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Much noise is being made that the evangelical segment of the Republican electorate won this re-election for the President. That’s true only in the sense that everyone who showed up and voted for Bush had an effect. Attending a conservative evangelical church confirms that the pro-Republican organizing activism is alive and well, but the fact is that elections are driven by that combination of issues and personality which creates a sense of safety — and the President engendered that feeling of safety among more than evangelicals.

OK, having sucked you in on the wedge religion issue, this essay will get more boringly cerebral and discuss the core decisive emotion of voting, with a passing look at how the possibly decisive evangelicals might have reacted or played a part.

In general people of any stripe, I think, vote ultimately on the basis of *a sentiment of safety* -- that is they vote for the candidate that makes them feel more secure. Why are people in general biased to incumbents? They're known quantities...safe. Why do ethnic minorities tend to vote Democrat? Because, right or wrong, mostly wrong I think, they feel that Republicans are too prone to racism to be safely entrusted with leadership over them. This happens even though many from the African-American, Latino, and other communities share many of the same issue-type values as the Republicans; many or most, for example, are religious and socially conservative.

Kerry failed to persuade the voting public that G.W. Bush's continuation in office would make us less safe than he would be in office.

"Safe" does not necessarily mean physical security alone. Financial security, emotional securty, a sense of belonging and future prosperity for one's children and their upbringing. That sells. "Vote or Die!" was a valiant attempt by pro-Democrats to frame the election as one over a choice for safety. (Actually the Democrats could have gone for the jugular on many issues -- from Iraq to repeatedly pointing out to traditionalist voters Cheney's gay daughter as an example of moral inconsistency in their opponent's rhetoric (in order to keep them away from the polls) -- issues that would have undermined the President. But they did not, or did it half-way and clumsily.)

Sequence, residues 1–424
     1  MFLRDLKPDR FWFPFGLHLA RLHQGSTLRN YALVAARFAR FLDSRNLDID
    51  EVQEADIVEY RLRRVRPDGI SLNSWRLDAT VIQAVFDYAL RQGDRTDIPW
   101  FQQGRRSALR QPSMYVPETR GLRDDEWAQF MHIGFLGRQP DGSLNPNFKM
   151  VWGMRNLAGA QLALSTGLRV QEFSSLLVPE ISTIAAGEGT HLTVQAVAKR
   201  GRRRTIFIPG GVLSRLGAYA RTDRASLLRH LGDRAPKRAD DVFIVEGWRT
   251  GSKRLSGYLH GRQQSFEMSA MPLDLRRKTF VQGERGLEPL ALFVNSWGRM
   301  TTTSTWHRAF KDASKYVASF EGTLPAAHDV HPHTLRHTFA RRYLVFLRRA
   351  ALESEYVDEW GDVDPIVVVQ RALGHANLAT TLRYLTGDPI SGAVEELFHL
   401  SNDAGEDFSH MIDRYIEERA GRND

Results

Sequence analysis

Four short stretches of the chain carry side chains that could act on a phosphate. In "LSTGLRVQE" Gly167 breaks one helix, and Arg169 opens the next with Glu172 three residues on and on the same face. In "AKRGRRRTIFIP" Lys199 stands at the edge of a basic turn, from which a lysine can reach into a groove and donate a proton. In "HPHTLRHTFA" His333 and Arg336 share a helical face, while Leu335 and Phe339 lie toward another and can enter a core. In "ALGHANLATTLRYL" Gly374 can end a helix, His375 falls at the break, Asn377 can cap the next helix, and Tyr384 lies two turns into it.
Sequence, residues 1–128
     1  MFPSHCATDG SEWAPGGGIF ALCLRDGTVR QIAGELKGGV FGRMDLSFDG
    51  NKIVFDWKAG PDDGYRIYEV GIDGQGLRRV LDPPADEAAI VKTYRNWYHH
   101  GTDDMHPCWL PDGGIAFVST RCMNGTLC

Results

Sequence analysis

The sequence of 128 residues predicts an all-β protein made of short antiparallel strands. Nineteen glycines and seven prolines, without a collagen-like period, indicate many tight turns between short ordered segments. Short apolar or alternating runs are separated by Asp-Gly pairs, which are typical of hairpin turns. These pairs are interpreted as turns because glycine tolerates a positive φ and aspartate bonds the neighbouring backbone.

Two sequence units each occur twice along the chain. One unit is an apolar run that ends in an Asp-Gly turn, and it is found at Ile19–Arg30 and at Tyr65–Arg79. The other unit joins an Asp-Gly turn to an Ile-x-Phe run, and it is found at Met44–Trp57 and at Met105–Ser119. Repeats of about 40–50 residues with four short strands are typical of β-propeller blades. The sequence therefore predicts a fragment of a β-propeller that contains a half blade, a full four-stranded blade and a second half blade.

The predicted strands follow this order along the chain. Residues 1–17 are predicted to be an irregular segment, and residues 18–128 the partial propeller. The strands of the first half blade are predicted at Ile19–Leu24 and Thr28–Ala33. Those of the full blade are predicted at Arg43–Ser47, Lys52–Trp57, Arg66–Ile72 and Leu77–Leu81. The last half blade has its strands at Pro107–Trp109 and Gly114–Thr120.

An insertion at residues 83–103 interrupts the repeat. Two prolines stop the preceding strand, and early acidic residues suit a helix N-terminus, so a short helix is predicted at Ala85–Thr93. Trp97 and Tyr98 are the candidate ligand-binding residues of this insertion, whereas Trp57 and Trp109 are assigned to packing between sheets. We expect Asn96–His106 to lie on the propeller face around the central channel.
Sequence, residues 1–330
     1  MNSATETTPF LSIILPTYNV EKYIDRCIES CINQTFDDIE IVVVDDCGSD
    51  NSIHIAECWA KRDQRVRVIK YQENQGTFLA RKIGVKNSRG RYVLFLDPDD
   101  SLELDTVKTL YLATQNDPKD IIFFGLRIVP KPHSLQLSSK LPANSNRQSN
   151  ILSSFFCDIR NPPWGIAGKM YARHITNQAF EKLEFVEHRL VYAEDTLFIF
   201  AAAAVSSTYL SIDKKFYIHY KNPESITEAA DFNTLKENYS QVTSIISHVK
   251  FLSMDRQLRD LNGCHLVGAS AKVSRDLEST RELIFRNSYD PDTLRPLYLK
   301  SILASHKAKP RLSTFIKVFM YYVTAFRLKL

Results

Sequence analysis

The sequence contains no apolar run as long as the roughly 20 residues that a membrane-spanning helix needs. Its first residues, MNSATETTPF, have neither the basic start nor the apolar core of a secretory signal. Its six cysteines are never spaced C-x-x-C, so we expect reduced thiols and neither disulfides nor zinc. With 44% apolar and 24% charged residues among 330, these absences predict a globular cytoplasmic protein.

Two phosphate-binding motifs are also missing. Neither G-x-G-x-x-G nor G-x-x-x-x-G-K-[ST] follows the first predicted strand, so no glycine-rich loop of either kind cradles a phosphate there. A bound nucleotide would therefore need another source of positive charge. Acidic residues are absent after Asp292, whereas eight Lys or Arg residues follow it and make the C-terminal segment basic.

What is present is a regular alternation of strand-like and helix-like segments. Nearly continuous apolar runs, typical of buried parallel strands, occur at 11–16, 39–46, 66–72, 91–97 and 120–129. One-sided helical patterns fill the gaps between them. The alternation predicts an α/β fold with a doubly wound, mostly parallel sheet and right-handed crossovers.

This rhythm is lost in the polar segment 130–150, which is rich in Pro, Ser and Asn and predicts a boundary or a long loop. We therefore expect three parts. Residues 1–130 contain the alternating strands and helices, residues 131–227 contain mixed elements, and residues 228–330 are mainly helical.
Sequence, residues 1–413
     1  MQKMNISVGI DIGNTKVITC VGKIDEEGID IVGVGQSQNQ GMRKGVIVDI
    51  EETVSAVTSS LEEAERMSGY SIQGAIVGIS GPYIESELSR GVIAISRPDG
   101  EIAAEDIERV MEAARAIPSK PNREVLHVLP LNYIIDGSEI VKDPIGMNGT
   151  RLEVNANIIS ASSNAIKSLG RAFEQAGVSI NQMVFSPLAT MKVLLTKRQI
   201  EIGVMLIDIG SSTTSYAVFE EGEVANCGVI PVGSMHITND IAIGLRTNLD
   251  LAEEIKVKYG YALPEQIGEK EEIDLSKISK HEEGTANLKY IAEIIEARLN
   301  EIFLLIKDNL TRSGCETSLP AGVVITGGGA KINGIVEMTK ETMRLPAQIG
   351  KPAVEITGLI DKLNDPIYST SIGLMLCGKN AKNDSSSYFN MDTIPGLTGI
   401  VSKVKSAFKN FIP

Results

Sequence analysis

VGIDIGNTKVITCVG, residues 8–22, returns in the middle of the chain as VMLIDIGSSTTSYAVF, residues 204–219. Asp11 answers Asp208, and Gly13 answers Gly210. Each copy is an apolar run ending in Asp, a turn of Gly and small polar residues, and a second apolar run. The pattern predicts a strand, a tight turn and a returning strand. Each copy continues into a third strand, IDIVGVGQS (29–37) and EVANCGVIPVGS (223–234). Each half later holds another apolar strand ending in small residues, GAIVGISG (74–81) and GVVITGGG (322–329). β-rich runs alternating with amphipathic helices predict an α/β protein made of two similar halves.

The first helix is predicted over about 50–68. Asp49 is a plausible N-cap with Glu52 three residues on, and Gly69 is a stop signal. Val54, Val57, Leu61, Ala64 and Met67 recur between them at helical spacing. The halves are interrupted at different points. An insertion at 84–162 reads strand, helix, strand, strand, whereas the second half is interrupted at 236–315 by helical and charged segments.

The President's talk of his faith and his dropping IN PUBLIC the name of Jesus in the first debate made many evangelicals feel safe amidst a world in which thy feel ridiculed. It made them feel safe in the same way it makes others very nervous.

As to the voters in general, in the end more gave the benefit of the doubt on the safety-centric issue of the war on terror/intervention in Iraq to the President. More may even feel he will protect children from the sins of the world they see manifested in things like gay marriage and abortion and Hollywood. More still probably feel he will not overtax their income and fear that it would be otherwise with a Democrat.

The question for the next round is: will the GOP's next candidate offer the same sense of safety? Will he/she have benefitted from the final 4 years of President Bush to build on that need? Or will a Democrat come along who will make America feel safer in 2008. The fact that such a question is hard/impossible to predict is why you can never predict the next race this far ahead.

Posted by Matthew Hogan at November 9, 2004 3:28 PM